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Old Debts – Should You Pay or Write Them Off?

Old Debts

For free and impartial money advice and guidance, visit MoneyHelper, to help you make the most of your money.

Have you got old debts that you keep in the back of your mind? Maybe you wonder if these old debts can be written off or if they will come back to haunt you one day.

You’re certainly not alone. Lots of people in the UK have old debts and are worried about what has happened to them or what may happen in the future.

Learn if you can wipe old debts here, how to wipe them – and if you should. 

Common Reasons People Have Old Debts

When someone gets into debt, the company or creditor they owe the money to is usually quick to jump on top of them and request payment. They send out scary letters and maybe even threaten you with legal action.

But for some reason or another, some debts go on for years without being mentioned or without being chased. The common reasons for this are:

  • You hid from these letters and the company didn’t want to take legal action (ignoring debt letter is not a good idea and this is rare!)
  • Administration errors mean you weren’t contacted
  • You kept moving or moved abroad and the creditor couldn’t locate you for a while
  • The company or collection agency closed down and it took time for them to sell your debt to another company
  • You paid some of the debt but then stopped and they haven’t chased you again – yet!

These are just some reason you might have an old debt. But whatever the reason for your old debts, the big question is – should you pay them?

You Can ‘Wipe’ Some Old Debts

There is a legal loophole that allows you to wipe old debts. The official name of this loophole is Statute Barred. It basically means that a debt has become so old that the courts do not want to take on any case relating to it.

Because courts are always being overwhelmed with new cases, they put a time limit on these old debts. And without a judge issuing a CCJ on a debt, the debt can never be enforced meaning you don’t have to pay.

This is not 100% the same as wiping the debt because the debt exists you just can’t be made to cough up. Some companies will wipe the debt if Statute Barred applies, but it is not guaranteed.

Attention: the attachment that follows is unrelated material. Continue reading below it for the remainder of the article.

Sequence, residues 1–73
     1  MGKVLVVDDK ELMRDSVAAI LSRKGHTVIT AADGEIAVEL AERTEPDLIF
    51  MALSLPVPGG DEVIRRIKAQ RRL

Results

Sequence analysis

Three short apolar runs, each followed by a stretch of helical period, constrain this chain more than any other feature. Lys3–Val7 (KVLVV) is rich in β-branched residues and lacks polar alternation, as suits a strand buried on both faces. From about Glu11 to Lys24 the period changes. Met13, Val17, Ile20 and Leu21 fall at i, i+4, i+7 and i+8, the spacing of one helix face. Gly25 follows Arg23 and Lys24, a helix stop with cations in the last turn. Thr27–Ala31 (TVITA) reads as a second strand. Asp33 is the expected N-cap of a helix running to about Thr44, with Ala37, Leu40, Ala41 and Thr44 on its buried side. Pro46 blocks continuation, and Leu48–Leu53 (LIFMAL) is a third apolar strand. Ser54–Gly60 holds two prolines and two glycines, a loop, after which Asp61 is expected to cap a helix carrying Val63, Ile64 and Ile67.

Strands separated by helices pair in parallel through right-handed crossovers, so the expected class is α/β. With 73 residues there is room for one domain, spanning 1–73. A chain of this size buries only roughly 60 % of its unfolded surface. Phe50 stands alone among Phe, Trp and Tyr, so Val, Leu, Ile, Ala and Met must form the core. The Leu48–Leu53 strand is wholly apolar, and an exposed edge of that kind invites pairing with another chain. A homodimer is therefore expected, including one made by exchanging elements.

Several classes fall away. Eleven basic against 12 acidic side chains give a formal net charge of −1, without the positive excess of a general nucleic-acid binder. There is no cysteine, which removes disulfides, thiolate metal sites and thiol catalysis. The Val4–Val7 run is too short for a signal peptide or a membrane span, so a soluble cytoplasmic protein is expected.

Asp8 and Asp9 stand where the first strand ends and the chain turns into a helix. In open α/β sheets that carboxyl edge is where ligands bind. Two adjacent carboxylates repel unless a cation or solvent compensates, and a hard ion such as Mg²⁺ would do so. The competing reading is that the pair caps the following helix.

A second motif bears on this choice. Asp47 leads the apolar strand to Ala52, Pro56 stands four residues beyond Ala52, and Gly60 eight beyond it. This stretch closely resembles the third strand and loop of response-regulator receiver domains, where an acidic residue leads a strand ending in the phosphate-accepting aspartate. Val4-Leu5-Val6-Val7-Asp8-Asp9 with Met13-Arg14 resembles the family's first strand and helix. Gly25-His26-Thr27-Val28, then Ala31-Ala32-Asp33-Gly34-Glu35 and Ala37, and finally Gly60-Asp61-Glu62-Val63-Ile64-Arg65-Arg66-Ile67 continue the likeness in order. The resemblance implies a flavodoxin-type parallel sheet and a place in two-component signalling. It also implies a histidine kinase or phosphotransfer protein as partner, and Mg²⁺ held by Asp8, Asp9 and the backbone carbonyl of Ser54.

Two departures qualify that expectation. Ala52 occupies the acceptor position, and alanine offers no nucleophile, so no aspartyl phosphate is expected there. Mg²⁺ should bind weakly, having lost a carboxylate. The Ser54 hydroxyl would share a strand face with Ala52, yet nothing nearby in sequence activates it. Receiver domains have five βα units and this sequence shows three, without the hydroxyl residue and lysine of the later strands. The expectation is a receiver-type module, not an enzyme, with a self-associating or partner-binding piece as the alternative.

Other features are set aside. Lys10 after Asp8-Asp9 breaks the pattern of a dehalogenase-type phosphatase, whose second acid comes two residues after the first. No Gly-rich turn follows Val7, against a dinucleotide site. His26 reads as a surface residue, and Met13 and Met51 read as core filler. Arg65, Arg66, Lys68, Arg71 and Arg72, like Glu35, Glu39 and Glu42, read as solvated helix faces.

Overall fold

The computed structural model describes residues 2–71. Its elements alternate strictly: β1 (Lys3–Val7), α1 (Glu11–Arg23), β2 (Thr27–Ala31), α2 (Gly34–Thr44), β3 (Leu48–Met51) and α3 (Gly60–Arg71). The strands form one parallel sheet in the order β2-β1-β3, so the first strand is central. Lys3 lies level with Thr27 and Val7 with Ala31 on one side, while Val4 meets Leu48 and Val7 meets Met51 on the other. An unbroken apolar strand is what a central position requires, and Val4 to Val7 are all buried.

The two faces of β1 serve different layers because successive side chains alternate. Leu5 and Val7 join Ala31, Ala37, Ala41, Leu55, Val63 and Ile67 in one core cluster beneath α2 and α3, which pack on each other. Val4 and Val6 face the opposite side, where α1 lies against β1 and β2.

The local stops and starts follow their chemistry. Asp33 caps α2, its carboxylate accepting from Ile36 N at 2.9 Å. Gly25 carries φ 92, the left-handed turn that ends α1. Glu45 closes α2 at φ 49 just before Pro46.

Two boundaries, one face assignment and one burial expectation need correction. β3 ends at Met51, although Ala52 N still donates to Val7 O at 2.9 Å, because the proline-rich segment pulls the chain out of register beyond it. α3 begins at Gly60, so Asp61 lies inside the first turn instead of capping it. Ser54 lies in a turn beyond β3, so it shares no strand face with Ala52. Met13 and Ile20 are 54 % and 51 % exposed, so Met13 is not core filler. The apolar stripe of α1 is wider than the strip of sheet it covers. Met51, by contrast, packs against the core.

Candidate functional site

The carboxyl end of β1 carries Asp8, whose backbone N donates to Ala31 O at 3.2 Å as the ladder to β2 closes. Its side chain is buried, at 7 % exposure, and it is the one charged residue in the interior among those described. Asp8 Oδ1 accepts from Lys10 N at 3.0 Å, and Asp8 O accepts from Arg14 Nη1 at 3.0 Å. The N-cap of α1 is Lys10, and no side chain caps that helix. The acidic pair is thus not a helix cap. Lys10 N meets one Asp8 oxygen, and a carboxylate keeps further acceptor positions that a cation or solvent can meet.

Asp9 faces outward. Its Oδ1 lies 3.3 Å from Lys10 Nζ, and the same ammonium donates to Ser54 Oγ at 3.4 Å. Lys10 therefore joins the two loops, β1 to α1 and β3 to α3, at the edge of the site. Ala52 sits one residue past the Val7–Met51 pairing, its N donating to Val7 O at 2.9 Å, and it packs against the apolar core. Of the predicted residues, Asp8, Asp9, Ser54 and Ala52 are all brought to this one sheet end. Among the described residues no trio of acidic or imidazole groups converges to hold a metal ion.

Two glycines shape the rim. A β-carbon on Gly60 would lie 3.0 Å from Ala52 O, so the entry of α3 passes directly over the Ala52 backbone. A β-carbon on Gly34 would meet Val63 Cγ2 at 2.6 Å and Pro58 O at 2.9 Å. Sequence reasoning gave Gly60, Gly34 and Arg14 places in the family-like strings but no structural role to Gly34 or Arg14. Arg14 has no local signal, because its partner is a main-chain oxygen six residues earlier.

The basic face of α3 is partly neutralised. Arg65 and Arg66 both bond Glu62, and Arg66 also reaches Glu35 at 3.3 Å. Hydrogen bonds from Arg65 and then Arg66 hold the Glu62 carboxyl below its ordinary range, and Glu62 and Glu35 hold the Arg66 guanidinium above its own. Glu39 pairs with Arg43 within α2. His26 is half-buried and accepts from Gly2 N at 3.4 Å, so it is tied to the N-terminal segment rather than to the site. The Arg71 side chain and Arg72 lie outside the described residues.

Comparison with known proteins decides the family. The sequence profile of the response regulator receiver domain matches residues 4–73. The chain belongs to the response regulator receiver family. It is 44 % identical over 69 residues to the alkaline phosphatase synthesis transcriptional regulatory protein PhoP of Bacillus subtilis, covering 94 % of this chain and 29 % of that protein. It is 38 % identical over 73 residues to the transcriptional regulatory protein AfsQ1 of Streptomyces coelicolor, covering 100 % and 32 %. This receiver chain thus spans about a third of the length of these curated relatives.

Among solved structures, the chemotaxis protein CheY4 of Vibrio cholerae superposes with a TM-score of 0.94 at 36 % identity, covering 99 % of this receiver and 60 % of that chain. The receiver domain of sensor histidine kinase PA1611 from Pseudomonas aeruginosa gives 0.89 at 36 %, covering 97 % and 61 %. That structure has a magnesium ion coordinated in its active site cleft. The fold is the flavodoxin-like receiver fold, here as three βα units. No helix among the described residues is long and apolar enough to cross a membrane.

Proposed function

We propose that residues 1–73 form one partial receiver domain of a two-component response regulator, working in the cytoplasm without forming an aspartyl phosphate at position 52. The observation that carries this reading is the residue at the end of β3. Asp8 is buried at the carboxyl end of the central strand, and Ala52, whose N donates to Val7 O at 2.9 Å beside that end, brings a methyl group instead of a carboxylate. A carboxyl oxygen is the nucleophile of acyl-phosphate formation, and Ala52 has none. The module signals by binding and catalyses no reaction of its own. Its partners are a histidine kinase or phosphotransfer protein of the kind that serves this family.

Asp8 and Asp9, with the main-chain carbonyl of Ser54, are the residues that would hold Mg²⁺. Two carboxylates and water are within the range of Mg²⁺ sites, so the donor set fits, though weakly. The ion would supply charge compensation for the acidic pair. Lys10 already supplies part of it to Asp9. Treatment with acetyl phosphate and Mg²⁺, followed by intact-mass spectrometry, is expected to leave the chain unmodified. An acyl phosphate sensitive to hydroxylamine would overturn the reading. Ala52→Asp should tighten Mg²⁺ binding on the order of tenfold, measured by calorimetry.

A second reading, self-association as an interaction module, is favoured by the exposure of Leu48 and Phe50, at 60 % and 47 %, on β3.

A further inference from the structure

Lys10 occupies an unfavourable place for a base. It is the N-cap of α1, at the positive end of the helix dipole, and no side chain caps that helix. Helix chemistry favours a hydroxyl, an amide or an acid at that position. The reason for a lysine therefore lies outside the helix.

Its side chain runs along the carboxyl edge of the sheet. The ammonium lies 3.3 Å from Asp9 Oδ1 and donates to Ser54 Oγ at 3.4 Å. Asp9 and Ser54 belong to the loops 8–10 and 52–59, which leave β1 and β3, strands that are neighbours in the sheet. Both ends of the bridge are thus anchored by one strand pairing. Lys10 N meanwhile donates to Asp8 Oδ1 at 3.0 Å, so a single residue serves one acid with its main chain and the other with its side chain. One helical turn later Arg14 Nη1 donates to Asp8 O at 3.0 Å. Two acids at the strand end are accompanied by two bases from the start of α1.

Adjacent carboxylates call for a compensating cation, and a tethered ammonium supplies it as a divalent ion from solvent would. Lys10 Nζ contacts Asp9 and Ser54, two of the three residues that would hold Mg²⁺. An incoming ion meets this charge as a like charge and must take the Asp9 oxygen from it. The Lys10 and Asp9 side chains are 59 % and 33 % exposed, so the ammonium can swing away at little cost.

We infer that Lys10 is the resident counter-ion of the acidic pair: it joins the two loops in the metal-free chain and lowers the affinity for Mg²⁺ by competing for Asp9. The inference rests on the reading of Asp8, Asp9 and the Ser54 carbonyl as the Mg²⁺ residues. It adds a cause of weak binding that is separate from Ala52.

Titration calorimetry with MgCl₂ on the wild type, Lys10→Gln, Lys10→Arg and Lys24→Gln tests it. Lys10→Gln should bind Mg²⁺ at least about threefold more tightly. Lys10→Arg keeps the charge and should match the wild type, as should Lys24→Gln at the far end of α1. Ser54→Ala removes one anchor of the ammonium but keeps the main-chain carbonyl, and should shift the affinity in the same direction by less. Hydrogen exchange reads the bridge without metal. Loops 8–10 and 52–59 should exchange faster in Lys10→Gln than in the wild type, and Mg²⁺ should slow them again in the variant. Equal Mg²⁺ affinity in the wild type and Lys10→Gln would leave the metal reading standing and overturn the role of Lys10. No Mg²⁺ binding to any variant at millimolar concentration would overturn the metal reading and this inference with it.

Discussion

When Do Old Debts Become Statute Barred?

Old debts will be classed as Statute Barred when they are at least six years old. But that is not the only criterion you must hit. There are other boxes your old debt will need to tick if it to be legally unenforceable, namely:

  1. You must not have paid some of the debt in the last six years
  2. You must not have owned up to the debt in writing in the last six years
  3. The debt must not have been issued with a CCJ

If your old debt has been given a CCJ from a judge asking you to pay, there is no way of avoiding this debt. You should look for a debt solution to clear the debt and prevent any further debt interest building on it. 

What to Do If Your Old Debts Are Statute Barred

If you believe your old debts are Statute Barred, the first task is to get confirmation. But don’t seek confirmation from the people you owe the money to. Instead, seek confirmation from a UK debt charity.

If a professional agrees that your debt is Statute Barred, you should then communicate with the company, agency or creditor that you owe the old debt to. And this means sending a Statute Barred letter.

Don’t worry, you won’t have to write any complex letter with legal terms yourself. You can simply send a Statute Barred letter that is downloadable from debt charity websites. When you download it, there will be parts that you edit yourself, such as your name or a reference number if applicable.

The letter will also state that if the company attempts to keep asking for payment, these communications will be seen as harassment.

But Should You Use This Loophole?

You might be reading this and jumping for joy at the thought of wiping your old debts and never living in fear that they will come calling again. And for many people with a lot of debt, this could be the right thing to do.

Yet, there are some limitations when using this loophole because it could prevent other people from lending to you in the future, and it may even reduce your chances of getting mortgage approval. 

And for that reason, it may not be worth using it if the debt is a small amount which you can easily afford. But be aware, just because you owed a small amount years ago doesn’t mean the debt owed will still be the same amount. 

Interest and admin fees could have increased the debt significantly, and you will want to investigate this before making a decision. 

Don’t Aim for Statute Barred!

One other piece of advice is to not aim to make use of the Statute Barred loophole, especially if you have just entered into debt.

If you think you can sit tight and quiet and wait it out six years, that is usually not realistic. As soon your creditor takes you to court and the judge issues a CCJ on the debt – which will be the case if you do owe it and they have proof) – Statute Barred no longer becomes a possibility. 

Moreover, if the creditor can prove they have actively chased you for six years, Statute Barred may not apply. 

Instead of waiting it out, in reality, you are just deferring using a debt solution and your debt will grow much bigger. 

The only time it could be worth waiting it out is if you are really close to the six-year deadline.
Find out more about wiping old and new debts on MoneyNerd!


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